History of the Fender Telecaster
As early as 1932, various companies and private guitar makers were experimenting with solid body electric guitars. It wasn't until 1950 that Leo Fender introduced the basic guitar that became the Telecaster. Both guitar designers and guitar players of that time marveled at the bright sound and lasting sustain of the early models. Already in place was Fender's Radio Service that repaired, then later designed amps for other instruments. The shop played a big role in getting the "Tele" off the ground with amps that could make the landmark guitar come to life.
The first factory-produced model featured a single pickup and was called the "Esquire" but had limited production because the lack of a truss rod in the neck that caused numerous problems. This was corrected, another pickup was added and the model bore yet a different name, the "Broadcaster." The Gretsch company had a line of drums at that time called the "Broadkaster" and since Fender was the new kid on the block, they abandoned the name and the "Telecaster" was born, the name being drawn from another new invention of that time, the television (a little known fact).
The current Telecaster Classic, Standard, and Deluxe models are manufactured in Mexico, Japan or Korea. Telecasters made in America include the Special Edition, American Standard, American Vintage and American Deluxe.
One of the design elements that makes the Telecaster stand out is the slanted bridge pickup that is incorporated into the bridge plate. This angle emphasizes the guitar's treble tone giving the guitar the bright sound that lends itself well to Country and Rock. The neck pickup has a warmer tone that works well for Blues and Jazz, making the guitar a versatile performer. The Telecaster's solid body makes for great tone and sustain and the guitar is known for staying in tune even under heavy use. Some have a difficult time separating the sound of the Telecaster from the Stratocaster but those that own the guitar clearly recognize and can describe the subtle differences.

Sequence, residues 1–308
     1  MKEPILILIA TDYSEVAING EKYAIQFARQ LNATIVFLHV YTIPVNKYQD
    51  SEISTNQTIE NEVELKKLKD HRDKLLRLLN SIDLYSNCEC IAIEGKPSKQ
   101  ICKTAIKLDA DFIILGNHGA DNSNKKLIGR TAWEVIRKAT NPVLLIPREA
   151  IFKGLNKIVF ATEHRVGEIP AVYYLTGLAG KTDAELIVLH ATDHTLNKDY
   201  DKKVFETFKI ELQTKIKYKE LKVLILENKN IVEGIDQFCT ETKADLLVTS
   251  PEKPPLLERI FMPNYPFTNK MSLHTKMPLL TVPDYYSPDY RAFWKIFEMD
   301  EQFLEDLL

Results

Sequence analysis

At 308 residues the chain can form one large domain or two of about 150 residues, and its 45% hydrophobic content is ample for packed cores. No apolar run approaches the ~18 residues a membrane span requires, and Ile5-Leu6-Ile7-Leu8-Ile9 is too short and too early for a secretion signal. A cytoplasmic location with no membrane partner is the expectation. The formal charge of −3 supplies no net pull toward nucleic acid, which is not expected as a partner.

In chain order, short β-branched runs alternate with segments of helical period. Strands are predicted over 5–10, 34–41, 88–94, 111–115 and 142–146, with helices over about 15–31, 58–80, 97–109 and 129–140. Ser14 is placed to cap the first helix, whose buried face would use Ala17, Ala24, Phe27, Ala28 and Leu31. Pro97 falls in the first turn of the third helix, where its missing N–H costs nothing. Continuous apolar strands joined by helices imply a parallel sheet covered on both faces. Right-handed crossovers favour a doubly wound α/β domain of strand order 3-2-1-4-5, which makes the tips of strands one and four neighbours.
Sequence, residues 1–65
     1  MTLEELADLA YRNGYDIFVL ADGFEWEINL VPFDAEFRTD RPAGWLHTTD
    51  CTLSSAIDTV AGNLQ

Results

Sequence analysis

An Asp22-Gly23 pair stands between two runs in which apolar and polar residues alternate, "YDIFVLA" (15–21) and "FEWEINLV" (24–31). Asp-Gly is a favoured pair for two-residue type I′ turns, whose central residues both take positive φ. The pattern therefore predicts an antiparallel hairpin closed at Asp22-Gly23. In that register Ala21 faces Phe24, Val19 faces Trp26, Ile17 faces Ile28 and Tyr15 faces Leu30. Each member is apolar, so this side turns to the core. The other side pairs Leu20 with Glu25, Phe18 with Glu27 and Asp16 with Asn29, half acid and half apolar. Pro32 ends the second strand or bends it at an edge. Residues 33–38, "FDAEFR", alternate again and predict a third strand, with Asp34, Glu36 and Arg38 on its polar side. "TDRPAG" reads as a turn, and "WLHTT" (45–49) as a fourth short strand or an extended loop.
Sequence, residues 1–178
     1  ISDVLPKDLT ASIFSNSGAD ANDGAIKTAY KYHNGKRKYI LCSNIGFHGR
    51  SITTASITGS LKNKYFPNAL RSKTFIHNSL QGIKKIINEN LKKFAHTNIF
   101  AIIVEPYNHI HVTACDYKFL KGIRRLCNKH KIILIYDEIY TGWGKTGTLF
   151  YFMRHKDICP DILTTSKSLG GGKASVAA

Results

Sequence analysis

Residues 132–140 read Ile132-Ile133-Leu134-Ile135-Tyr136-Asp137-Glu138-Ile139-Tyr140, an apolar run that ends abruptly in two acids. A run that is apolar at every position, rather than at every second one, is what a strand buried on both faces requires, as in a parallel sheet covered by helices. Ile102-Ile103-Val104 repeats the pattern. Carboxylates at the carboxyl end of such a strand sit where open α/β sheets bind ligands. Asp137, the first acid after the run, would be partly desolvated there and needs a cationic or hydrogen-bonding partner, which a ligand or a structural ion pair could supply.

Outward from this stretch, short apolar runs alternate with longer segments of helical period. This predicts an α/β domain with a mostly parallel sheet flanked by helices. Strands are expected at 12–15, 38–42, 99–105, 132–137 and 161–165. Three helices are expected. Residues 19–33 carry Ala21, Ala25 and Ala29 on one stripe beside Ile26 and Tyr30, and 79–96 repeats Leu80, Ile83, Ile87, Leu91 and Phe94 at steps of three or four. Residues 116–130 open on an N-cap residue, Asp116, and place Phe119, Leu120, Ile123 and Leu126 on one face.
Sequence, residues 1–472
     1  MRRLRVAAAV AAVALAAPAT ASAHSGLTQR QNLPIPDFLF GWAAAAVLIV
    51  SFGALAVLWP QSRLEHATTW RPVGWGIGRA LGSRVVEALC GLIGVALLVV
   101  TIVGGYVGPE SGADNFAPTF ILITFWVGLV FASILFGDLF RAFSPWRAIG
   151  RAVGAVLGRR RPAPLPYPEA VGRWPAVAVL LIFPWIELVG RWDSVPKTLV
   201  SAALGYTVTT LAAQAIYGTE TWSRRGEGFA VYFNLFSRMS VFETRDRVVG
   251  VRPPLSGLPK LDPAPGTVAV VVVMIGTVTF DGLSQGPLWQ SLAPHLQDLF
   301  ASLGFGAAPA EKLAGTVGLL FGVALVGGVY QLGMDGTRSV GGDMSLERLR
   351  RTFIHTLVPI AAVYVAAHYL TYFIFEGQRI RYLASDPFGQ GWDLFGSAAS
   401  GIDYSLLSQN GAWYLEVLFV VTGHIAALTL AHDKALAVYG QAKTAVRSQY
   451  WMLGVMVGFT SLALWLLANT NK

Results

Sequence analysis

Like its cousin the Stratocaster, the "Tele" has a maple bolt on neck and comes with either a rosewood or maple fingerboard with maple bringing about a brighter sound. The body is made from alder, ash or poplar and is available in a number of colors. Fender’s custom shop is known for producing special models that can be identified by the Custom Shop decal on the headstock.
Guitarists known for their Telecasters include James Burton, Steve Cropper (Booker T and the MGs), the late Albert Lee and Roy Buchanan, the "King of the Tele." Led Zeppelin's Jimmy Page used a 1958 Telecaster (known as the "Dragon Telecaster") for the solo in the famous 1971 song, "Stairway to Heaven." And it's not unusual to see a Tele in the hands of Bruce Springsteen or guitar hero Jeff Beck. The Tele appears in Country music as well with Buck Owens being one of the first players of the instrument.
Just for Fun
The Parsons/White "stringbender," invented by Gram Parsons and Clarence White, included a device in the body of the guitar that changed the pitch of the B or G string by pulling down on the guitar's strap. The design never really caught on but the remaining stringbender models are highly prized.